Handle with Care: How to Create An Epic Care Package to Send Your Deployed Service Member


If you’ve ever had a loved one deployed overseas, you know just how important care packages are. You know because your loved one likely told you how much it helped, as well as how the things you sent were utilized — as reminders of home they hung on their bunk posts or carried into the field, as some unheard of but remarkably resourceful way to fix a wonky table leg, or, simply, as something that boosted their morale and the morale of their fellow troops.

So “the why” is there, present and resounding: care packages provide both comfort and joy to our deployed service members. “The what” is trickier, however — what can you send that will turn your loved one’s dark day into something bright? How can you make your care package epic!?

Going at it alone can be more of a frustrating experience than an enjoyable one. But that’s why we’re here. That’s why this list is here. On the pages that follow, you’ll find suggestions on what to send to your loved one, as well as how to package it. Because, as you’ll find out, the thing they remember most just may be the presentation itself!



The main thing to consider here is shelf life. Meaning: stick to food items that are either a) dry goods or b) non-perishable. Sadly, something like a bundle of bananas won’t make it unscathed (or fresh) to its destination. Depressing as that may be, trust us, your service member will love receiving the canned pears you send, or the bag of rice. Because, at least when they’re out in the field, they’re eating from a vacuum-sealed MRE; they’ll gladly welcome the change in flavor.

Another important thing to remember when selecting food to send is that, at times, your service member will have limited means to make the food. In other words, sending something that requires a conventional oven and several baking dishes may not be the best option.

Other foods to consider: breakfast cereals, honey, instant oatmeal, boxed and/or canned soup, boxed potatoes, cans of tuna, beef jerky, crackers, nuts, granola bars, raisins, various candies


Here’s where you and your service member can get a little more creative — you with the spices you select to send, and your service member with what they select to put on the standard-issued food. For example, if your service member likes a little kick in their food, send them some cayenne pepper. They prefer something zestier? Send some garlic salt. Believe us when we say that they’ll cherish it. Why? Because spices aren’t always readily available to them. Also: spices take up very little room, both in the box you’ll send and in what they’re temporarily calling home.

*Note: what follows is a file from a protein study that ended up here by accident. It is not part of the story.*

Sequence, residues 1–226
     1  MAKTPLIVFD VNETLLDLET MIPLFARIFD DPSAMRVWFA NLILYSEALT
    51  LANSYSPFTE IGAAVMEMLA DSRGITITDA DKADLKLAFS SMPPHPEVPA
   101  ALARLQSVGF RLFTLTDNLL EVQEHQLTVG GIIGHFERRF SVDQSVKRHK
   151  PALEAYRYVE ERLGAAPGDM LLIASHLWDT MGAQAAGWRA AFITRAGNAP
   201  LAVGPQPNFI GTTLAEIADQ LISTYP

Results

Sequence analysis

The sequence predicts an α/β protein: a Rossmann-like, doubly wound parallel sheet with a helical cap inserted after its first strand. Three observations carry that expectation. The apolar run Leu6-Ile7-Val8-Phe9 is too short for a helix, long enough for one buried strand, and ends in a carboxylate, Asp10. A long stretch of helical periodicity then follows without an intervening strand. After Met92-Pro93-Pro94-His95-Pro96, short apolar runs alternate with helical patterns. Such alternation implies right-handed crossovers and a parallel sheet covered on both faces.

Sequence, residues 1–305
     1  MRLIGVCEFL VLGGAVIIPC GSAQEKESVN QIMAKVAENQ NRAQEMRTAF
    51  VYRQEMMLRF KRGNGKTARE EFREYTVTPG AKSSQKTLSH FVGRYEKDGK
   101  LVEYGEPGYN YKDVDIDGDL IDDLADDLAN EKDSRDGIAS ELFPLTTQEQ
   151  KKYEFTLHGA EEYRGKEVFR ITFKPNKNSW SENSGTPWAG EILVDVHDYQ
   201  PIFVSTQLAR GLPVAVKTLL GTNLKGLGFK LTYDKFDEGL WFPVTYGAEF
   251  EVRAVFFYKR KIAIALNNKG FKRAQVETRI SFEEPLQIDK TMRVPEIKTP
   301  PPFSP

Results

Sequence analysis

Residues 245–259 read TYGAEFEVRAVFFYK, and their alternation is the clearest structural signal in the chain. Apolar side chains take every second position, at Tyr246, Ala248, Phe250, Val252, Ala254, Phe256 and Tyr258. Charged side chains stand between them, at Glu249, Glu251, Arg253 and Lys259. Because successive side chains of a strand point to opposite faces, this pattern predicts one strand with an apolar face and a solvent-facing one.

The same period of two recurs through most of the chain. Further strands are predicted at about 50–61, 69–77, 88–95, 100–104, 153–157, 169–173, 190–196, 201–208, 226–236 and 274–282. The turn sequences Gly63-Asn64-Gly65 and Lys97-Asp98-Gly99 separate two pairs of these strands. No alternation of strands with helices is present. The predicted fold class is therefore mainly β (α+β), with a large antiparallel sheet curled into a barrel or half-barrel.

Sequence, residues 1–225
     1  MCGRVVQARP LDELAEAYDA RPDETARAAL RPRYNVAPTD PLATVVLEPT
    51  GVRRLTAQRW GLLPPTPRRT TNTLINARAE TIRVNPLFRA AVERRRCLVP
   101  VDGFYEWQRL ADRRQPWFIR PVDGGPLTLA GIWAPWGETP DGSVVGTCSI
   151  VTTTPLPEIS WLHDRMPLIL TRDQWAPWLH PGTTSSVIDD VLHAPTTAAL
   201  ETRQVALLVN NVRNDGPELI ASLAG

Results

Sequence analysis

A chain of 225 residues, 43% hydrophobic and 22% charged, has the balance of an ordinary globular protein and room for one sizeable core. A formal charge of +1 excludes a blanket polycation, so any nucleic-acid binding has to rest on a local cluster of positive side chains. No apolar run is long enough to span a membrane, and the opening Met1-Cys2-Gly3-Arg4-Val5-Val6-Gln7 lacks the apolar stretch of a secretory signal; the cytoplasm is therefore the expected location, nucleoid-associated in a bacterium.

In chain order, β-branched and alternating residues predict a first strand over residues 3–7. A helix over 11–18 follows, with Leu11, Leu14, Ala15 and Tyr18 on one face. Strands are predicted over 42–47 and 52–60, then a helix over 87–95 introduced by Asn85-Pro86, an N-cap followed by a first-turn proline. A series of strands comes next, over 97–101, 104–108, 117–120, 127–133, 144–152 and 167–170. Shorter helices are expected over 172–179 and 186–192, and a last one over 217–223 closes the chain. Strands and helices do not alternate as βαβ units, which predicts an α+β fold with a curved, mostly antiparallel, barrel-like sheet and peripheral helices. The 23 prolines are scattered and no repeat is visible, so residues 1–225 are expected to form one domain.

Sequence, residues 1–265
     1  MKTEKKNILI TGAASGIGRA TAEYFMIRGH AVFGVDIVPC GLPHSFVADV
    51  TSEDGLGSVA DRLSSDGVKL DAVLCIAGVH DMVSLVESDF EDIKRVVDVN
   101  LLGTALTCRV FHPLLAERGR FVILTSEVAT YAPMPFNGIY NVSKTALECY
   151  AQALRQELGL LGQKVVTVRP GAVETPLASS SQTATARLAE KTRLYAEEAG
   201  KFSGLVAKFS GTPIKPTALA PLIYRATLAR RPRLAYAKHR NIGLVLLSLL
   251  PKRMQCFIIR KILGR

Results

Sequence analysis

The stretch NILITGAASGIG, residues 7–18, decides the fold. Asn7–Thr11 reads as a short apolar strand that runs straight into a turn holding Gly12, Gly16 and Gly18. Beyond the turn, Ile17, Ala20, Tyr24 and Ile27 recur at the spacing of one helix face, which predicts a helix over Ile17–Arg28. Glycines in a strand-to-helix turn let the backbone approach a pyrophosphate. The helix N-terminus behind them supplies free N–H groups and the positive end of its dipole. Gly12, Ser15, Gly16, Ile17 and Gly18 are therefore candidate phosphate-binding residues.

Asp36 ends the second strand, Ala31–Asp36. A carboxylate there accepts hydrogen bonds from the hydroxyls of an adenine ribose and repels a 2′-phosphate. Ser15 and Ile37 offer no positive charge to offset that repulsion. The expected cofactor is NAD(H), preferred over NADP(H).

Other spices to consider: salt, pepper, cumin, lemon pepper, basil, dill weed, cinnamon, paprika, parsley, sage, ginger, rosemary, thyme


Remember when we said that care packages can turn a dark day into something bright? Hygiene is precisely where a shift like that can occur.

While deployed, your service member is physically active and, on occasion, not even a shower is readily available. Dealing with that, as well as with the elements (sun, wind, dust, dirt), can grind a person down. Hygiene products like hand sanitizer or mouthwash can do wonders in making your service member feel more, for lack of a better term, human. Foot powder or ointment will help take care of the irritation their boots keep giving them. A pack of aspirin will make it so they don’t have to go to Medical for a headache. The list can go on and on.

Other hygiene products to consider: deodorant, toothbrushes, toothpaste, dental floss, chapstick/lip balm, baby wipes, cough drops

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-Odds & Ends


We promise: a roll of duct tape can go far. Like, really far. And so can something like headphones, for when your service member feels like being alone for a while with their music. For this section of the care package, think of the moments when your service member could be “in a pinch,” meaning: there’s something they need that wouldn’t be regularly provided by their branch.

Other odds & ends to consider: plastic baggies (for storage), pens, pencils, notepads, can opener, batteries, socks


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G.D. resides in West Michigan. When he isn’t writing (or editing), you can find him outside, riding a bike, reading a book, or just plain running. Other interests include sports (of any kind), music (again, any kind) and cinema (a bit pickier here).